Great thread. Last year was my first year at attempting hiking in the winter. I bought microspikes and used them quite a bit. Near the end of the season I bought a pair of MSR Ascents. I love them. They served me well on a hike to Kinsman pond. I experienced many differing conditions as most noted before me here and I know I do not have the gear or experience yet to head above the treeline into rocks and ice. I fell on the manning trail on cardigan and slid for a good 20'. The only reason I stopped sliding was because there was a flat spot at the bottom of the fall/slide. The microspikes don't have anything in the toe so as soon as I stepped forward my back foot rolled towards the toe and I slid/fell. That accelerating feeling was a little unnerving lol.

One problem I have been trying to solve by reading posts here and searching the web is what would be the proper footwear. I had some cold toes when wearing my summer hikers, Asolo TPS 520 GTX's even with toe warmers, sock liners and heavy wool socks. My northface chillcats are great for shoveling and light snowshowing but they aren't very well insulated and they are pretty clunky. It seems for a better winter boot I either need a boot that serves snoeshowing or a boot that serves mountaineering because I haven't found one that would be good for both. So for the moment I guess I will go with a well insulated snowshoeing boot and stay below the treeline.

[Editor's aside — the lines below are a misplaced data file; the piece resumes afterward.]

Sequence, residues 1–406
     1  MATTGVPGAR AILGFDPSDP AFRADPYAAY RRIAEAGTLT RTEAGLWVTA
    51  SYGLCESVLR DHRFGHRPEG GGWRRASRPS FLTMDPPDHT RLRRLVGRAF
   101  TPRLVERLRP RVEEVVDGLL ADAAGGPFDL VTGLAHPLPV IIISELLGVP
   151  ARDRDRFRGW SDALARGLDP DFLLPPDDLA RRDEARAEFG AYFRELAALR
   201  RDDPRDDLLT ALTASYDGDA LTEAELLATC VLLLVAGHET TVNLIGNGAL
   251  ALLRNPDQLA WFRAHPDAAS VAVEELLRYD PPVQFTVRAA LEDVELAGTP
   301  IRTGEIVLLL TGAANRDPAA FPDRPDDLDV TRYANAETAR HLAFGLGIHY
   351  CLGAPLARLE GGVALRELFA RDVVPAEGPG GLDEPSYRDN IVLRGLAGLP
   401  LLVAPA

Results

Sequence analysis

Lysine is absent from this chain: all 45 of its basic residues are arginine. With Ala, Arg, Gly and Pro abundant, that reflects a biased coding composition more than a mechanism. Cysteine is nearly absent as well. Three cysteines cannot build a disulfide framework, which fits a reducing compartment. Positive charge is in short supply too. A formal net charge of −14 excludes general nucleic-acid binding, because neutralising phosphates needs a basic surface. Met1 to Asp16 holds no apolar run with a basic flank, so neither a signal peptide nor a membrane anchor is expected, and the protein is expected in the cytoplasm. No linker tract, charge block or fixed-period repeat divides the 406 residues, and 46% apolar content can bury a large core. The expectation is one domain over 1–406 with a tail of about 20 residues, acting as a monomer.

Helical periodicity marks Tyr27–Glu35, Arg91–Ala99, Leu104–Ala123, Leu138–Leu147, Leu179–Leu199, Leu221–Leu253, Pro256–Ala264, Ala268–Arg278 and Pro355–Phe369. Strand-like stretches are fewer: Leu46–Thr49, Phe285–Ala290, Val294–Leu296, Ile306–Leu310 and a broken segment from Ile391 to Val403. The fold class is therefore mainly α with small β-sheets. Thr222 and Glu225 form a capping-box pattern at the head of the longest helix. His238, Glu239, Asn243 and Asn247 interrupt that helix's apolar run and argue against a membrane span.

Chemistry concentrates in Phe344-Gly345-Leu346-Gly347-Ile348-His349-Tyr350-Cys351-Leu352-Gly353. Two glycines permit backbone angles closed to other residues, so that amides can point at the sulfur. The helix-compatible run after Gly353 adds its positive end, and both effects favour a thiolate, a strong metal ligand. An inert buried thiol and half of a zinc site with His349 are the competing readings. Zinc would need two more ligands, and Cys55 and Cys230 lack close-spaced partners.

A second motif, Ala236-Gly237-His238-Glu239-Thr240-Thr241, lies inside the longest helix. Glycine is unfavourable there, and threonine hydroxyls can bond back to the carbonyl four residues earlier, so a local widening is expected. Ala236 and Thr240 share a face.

Any thoughts?


check out this thread: http://forum.hike-nh.com/viewtopic.php?t=3534

and this one:http://viewsfromthetop.com/forums/showthread.php?t=38148

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Wed Nov 16, 2011 6:54 am
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Peak Bagger
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BobC wrote:
Here's what can happen if you're above treeline in the Presis without adequate traction. Note the reference to "micro crampons" in the article, which were most likely Microspikes.

http://www.wildlife.state.nh.us/Newsroo ... 32910.html


I was on Madison that day. In fact, the SAR folks were staging in the parking lot when we got back out to the Valley Way Trailhead, and they asked if we had been on Adams and perhaps seen the hiker in question, which we hadn't. Anyway, the trail from the hut to the summit of Madison was packed snow covered by a hard, thick, sheer coating of ice. Microspikes would not bite into the hard ice at all, so we used crampons, which worked fine. Most people were using crampons that day. JP


Wed Nov 16, 2011 7:34 am
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I have had good luck with my Columbia Ice Dragon IIs - 600g, -45, waterproof, leather. They snowshoe well, microspike well, and accept a flexible crampon ala Grivel G10. They are comfortable and didn't break the bank.

Tim

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Wed Nov 16, 2011 8:52 am